The Israel Supreme Court has decided to start the trial of Israeli microcenter and gift shop operators in the case of a recent price-matching scheme that prosecutors allege was a money-laundering scheme.
The court ruled Wednesday that the defendants were required to register with the police and submit to fingerprint-based security checks.
The court’s ruling comes after a six-month trial in which the trial is expected to last until early March.
The trial is a major test of the countrys legal system against a tide of criticism over the country’s handling of the war on the Palestinians.
A number of Israelis and Palestinians have been charged in the cases, which have gained national prominence since the June 6 attacks that killed five Israelis and wounded dozens more.
More than 100 people have been arrested in connection with the cases.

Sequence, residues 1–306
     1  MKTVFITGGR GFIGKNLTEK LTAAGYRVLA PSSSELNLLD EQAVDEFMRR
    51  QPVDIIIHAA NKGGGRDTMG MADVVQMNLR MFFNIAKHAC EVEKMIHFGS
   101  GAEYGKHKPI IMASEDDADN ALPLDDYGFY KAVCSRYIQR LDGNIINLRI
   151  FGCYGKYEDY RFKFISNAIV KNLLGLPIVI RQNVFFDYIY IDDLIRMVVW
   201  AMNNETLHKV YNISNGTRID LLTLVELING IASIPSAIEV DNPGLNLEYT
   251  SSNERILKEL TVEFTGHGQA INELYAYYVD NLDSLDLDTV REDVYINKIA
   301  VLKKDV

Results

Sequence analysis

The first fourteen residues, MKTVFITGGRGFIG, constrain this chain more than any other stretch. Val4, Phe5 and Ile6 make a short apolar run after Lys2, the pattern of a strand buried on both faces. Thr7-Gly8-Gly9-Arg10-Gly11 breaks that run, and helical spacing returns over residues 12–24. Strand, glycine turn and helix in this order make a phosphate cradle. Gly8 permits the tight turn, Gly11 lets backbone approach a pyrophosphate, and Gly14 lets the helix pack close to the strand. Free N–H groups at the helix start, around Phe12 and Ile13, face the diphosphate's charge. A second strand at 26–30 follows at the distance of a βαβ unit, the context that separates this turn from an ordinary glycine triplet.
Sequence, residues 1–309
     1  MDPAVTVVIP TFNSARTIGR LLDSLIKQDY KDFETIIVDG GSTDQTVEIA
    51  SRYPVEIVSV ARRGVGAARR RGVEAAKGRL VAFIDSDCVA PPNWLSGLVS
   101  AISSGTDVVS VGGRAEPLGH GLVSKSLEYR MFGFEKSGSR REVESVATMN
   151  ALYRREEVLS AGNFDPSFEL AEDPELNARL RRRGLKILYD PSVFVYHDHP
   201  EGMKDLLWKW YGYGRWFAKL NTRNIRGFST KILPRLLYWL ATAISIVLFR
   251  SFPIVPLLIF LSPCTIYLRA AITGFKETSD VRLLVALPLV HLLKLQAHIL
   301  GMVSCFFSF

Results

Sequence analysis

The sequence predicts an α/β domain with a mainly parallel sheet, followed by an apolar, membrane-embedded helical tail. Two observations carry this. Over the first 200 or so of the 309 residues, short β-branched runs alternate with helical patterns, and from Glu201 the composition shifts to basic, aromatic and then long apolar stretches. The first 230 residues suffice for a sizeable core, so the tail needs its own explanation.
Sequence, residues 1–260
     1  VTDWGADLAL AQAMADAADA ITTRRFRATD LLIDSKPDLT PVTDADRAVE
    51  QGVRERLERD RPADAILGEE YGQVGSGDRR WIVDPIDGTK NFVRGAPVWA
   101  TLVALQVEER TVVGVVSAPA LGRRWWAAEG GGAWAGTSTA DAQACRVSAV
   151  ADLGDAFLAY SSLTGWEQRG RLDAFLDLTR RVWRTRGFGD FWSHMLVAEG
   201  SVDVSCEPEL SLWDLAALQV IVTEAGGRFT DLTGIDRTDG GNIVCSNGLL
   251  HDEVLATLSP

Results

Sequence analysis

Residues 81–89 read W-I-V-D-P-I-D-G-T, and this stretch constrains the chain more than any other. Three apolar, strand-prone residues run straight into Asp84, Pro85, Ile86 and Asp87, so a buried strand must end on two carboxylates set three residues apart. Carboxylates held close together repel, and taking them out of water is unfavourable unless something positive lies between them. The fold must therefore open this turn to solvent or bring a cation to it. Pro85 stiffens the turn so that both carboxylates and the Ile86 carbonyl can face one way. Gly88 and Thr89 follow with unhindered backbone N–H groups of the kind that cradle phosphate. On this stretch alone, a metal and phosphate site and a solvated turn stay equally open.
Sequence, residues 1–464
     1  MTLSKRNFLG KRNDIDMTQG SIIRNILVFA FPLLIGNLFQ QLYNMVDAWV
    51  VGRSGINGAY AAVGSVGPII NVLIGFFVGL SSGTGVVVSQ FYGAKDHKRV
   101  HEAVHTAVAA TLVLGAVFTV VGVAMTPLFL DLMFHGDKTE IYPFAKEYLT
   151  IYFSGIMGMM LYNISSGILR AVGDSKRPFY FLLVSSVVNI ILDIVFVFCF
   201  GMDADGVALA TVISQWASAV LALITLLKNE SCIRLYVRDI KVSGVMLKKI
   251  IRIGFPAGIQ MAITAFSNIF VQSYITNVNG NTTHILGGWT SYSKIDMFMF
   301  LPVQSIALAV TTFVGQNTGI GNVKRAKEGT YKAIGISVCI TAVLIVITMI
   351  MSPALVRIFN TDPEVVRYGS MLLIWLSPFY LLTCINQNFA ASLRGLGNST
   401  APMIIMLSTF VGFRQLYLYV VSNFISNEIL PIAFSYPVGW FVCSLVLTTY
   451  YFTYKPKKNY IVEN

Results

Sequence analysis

The Supreme Court ruled that the charges must be proven in court.
The defendants must be found guilty of money laundering and violating laws on the prevention of money and credit, among other offenses, the court said.
The defendants are to be charged in addition to others in connection to the same scheme, the Supreme Court said.
Last year, a judge sentenced nine people to jail terms of three years for allegedly running a similar scheme.
The six others have been released on bail.
The government has said the price-matches have been the largest money laundering operation in the country in years.
The Supreme Court decision is the first time it has opened a criminal case against the defendants.
The ruling was made after a four-month hearing in which prosecutors asked for a five-year prison sentence for one of the defendants, Shai Dahan, who has denied wrongdoing.
The other defendants were not convicted.
A senior prosecutor, Zeidan Barak, said in court Wednesday that Dahan was an important participant in the scheme.